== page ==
A KC-130J Hercules with Marine Aerial Refueler Transport Squadron 152 takes off from Marine Corps Air Station Iwakuni, Japan, May 5, 2017.

A KC-130J Hercules with Marine Aerial Refueler Transport Squadron 152 takes off from Marine Corps Air Station Iwakuni, Japan, May 5, 2017. (Aaron Henson/U.S. Marine Corps)

MARINE CORPS AIR STATION IWAKUNI, Japan — The search continued Monday for five Marines who went missing last week after their KC-130 Hercules collided midair with an F/A-18 Hornet off the coast of southern Japan.

Seven Marines initially went missing after the collision just before 2 a.m. Thursday during “regularly scheduled training” that included aerial refueling south of Muroto Cape on Shikoku Island, U.S. and Japanese officials said.

The two Marines aboard the Hornet were recovered the day of the accident. The first, who was picked up that morning by a Japan Maritime Self-Defense Force helicopter, has been released from the hospital, III Marine Expeditionary Force spokesman 2nd Lt. Ryan Bruce told Stars and Stripes in an email Monday.

The second, Capt. Jahmar Resilard, 28, was pronounced dead after being found just after noon by the JMSDF ship JS Setoyuki.

The size of the team looking for the five Marines from MCAS Iwakuni’s Marine Aerial Refueler Transport Squadron 152 has shrunk since Sunday, according to a spokesman from the Japanese Defense Ministry’s Joint Staff.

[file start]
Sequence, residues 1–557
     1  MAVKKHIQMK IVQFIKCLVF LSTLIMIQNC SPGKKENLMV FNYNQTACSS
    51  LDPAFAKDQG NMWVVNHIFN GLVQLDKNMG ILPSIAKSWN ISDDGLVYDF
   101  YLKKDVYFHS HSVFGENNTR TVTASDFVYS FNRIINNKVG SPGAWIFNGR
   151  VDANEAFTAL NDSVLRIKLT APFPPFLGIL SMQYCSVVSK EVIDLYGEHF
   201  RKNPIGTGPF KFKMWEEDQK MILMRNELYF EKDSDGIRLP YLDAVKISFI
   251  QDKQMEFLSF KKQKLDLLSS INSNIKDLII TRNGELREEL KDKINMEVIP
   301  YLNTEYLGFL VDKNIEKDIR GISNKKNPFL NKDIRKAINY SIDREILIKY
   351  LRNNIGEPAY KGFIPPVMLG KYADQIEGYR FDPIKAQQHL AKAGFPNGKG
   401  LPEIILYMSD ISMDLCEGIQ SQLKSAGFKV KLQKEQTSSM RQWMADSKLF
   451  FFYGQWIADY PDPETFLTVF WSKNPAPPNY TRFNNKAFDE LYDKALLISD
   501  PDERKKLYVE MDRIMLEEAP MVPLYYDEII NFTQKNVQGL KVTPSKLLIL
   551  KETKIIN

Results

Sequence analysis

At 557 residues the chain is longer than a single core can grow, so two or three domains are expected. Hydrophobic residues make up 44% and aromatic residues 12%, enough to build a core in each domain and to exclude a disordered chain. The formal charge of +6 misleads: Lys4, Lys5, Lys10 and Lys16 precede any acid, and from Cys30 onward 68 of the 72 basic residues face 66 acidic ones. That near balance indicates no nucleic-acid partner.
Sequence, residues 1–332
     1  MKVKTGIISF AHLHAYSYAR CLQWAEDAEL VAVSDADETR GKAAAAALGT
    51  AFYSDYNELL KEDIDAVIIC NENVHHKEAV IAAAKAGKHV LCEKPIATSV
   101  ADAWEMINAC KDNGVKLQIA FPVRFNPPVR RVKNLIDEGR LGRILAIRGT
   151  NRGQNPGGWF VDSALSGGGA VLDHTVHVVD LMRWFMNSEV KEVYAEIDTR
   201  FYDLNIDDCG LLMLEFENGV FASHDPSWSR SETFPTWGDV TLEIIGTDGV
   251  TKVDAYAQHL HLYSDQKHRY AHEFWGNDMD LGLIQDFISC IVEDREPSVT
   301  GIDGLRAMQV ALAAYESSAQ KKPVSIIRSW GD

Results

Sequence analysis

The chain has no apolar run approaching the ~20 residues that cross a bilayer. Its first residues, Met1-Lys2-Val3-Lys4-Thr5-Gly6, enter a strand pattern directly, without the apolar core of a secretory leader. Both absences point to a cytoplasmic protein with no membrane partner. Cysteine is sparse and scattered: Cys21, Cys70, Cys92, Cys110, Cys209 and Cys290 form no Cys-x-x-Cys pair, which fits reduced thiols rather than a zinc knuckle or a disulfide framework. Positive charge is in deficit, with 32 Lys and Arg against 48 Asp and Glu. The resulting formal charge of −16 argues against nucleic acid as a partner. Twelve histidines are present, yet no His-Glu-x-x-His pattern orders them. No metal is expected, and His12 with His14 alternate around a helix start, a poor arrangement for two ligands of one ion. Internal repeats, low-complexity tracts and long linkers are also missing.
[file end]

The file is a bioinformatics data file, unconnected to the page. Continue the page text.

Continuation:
A pair of Japan Air-Self Defense Force aircraft — a UH-60 Black Hawk and an E-767 AWACS — were searching for the missing crew Monday, a Defense Ministry statement said.

U.S. aircraft participating in the search include Air Force CV-22 Osprey, MC-130J, C-130J Super Hercules, RC-135 reconnaissance aircraft, KC-135 Stratotanker, RQ-4 Global Hawk, and Navy P-8 Poseidon, Bruce said. An Australian P-8 was also aiding the effort.

Search-and-rescue personnel from the 320th Special Tactics Squadron at Kadena Air Base, Okinawa, were also on scene Monday searching for survivors, said 1st Lt. Renee Douglas, a spokeswoman for the Air Force’s 353rd Special Operations Group.

How much longer the effort would continue was unknown, the Defense Ministry spokesman said.

Going into the weekend, the multinational, multiservice effort involved JASDF aircraft, Japan Coast Guard, and JMSDF and U.S. Navy ships.

III MEF has declared the incident a “Class A” mishap, Japan’s Kyodo news agency reported Monday. These involve total property damage of “$2 million or more and/or aircraft destroyed” and “fatality or permanent disability.”

Marine officials are still investigating the cause of the collision.

MCAS Iwakuni is home to Marine Air Craft Group 12 and the Navy’s Carrier Air Wing 5. It is one of the Pacific’s largest air stations.

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